Lasers come in many configurations with wavelengths from UV to far infrared, and each of these has its uses. They also can range in power from fractions of milliWatts to thousands of Watts, nanoJoules to kiloJoules. On the low end of the power ranges, applications can be for fiber optic telecommunication, laser scanning, or laser printing. Middle ranges, from a few hundred mW to tens of Watts, are used for surgery, eye repair, marking, LIDAR and range finding, plastic welding, and many other precision applications. At the high end, industrial welding and cutting, and military applications are predominant. Each of these requires different configurations of the laser beam, and profiling can help ensure that the laser matches the application's needs.
There are several different types of profiling instruments, CCD camera arrays, pyroelectric arrays, scanning slits, spinning reflectors, to name a few. The simplest to understand is the CCD camera, such as the Spiricon SP620. Combined with some attenuation optics, the CCD is placed in the beam path and a picture of the beam is captured. Beam profiling software, coupled to the CCD, provides an analysis of the beam profile. From CCD data it is possible to determine the size of the beam, the distribution of the power/energy in the beam, and, in general, whether the laser is performing as expected.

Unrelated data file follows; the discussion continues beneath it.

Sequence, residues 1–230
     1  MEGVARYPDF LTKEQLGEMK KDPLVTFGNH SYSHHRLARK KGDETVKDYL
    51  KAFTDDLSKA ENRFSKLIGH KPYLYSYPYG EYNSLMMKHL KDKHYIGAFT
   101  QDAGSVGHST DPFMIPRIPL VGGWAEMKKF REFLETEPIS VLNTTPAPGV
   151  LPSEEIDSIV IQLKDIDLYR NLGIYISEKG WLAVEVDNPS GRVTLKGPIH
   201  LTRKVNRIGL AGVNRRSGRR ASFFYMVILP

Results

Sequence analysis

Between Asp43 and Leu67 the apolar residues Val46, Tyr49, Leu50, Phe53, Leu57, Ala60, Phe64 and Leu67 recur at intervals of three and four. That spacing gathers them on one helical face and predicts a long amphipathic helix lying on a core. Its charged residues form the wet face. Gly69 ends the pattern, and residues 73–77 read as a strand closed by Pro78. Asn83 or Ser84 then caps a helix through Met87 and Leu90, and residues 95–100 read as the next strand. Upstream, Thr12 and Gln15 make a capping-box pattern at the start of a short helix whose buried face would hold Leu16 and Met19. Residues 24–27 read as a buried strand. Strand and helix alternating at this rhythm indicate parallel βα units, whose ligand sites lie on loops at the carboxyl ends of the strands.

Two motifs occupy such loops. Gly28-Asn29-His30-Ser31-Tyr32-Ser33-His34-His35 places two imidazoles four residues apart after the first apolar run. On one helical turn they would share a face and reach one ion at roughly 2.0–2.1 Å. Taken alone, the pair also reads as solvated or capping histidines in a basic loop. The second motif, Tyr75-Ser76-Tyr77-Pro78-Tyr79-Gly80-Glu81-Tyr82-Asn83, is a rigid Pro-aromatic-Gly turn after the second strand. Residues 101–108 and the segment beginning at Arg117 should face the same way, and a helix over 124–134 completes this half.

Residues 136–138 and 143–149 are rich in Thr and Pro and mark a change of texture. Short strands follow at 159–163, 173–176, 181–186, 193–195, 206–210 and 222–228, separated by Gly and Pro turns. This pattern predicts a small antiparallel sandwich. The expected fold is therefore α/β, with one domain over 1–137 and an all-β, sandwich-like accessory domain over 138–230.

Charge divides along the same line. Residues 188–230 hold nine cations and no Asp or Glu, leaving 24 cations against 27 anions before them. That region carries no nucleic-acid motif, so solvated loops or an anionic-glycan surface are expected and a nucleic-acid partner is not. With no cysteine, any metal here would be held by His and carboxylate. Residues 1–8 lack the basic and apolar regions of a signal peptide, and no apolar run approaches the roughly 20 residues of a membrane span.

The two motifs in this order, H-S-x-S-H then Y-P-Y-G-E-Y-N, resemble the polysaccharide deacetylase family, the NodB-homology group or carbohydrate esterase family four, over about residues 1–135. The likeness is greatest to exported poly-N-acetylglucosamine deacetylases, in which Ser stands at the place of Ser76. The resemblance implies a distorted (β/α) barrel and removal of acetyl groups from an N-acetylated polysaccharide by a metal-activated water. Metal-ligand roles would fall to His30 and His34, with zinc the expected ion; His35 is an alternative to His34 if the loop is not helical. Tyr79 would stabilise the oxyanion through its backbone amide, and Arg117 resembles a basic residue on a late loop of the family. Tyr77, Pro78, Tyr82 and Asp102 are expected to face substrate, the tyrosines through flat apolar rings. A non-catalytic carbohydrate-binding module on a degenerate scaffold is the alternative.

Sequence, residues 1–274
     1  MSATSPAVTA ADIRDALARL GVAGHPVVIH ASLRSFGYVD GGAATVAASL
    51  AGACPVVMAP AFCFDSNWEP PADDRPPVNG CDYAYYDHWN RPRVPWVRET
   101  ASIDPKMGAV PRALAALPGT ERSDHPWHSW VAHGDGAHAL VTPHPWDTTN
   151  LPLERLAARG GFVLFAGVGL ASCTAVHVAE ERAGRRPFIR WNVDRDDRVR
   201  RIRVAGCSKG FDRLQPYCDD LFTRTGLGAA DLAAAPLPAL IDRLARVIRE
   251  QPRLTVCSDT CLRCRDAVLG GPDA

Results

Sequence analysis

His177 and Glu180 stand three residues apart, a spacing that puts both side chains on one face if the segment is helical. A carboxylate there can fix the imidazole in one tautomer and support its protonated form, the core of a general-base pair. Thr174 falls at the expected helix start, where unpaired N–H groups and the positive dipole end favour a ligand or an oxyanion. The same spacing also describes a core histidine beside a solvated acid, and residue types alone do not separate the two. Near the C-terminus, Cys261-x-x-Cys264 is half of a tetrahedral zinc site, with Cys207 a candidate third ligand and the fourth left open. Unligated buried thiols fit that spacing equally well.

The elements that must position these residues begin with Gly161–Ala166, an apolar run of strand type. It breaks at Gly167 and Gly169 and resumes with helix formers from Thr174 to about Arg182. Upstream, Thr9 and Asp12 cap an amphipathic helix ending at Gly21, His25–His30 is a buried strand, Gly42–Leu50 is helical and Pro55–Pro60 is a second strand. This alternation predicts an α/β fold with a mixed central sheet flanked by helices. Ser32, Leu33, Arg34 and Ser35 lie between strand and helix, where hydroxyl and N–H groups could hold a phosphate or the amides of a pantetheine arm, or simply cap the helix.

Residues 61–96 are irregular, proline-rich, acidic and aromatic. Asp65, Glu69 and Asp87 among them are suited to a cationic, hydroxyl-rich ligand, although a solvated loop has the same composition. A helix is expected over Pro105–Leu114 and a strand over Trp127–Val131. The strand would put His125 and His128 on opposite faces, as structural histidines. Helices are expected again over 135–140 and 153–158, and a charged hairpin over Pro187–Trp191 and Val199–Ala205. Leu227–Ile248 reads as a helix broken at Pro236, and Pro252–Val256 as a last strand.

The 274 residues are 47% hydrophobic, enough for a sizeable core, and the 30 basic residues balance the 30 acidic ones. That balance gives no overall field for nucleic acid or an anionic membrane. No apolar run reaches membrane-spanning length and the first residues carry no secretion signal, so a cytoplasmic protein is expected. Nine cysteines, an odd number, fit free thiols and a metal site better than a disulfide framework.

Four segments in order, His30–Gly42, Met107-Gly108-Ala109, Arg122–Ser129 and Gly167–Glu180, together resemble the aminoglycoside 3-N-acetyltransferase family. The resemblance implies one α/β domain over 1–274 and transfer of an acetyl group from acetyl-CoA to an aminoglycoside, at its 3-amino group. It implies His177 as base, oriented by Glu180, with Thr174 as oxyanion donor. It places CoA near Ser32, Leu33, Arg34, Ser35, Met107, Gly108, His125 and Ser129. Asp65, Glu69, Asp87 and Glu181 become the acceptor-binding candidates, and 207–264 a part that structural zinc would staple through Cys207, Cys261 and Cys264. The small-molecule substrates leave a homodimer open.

The silicon CCD is limited to the wavelength range from ~200 to ~1100 nm (UV to near infrared). Although this covers a lot of laser applications, there are wavelengths outside this range. The CCD sensor is very sensitive and delicate, which means that for even the low power lasers, substantial attenuation of the beam is required to avoid saturating or even damaging the array. For this reason, there is always the potential for the addition of error and distortions to the beam profile from these optics. It is also generally impossible to measure tightly focused laser beams with a CCD, because the attenuation optics require a fairly long beam path.